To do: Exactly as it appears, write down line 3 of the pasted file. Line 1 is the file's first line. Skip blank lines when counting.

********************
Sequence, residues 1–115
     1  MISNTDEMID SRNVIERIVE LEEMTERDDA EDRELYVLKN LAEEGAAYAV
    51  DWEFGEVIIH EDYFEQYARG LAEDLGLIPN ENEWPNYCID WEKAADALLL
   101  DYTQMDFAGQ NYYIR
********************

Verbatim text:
    51  DWEFGEVIIH EDYFEQYARG LAEDLGLIPN ENEWPNYCID WEKAADALLL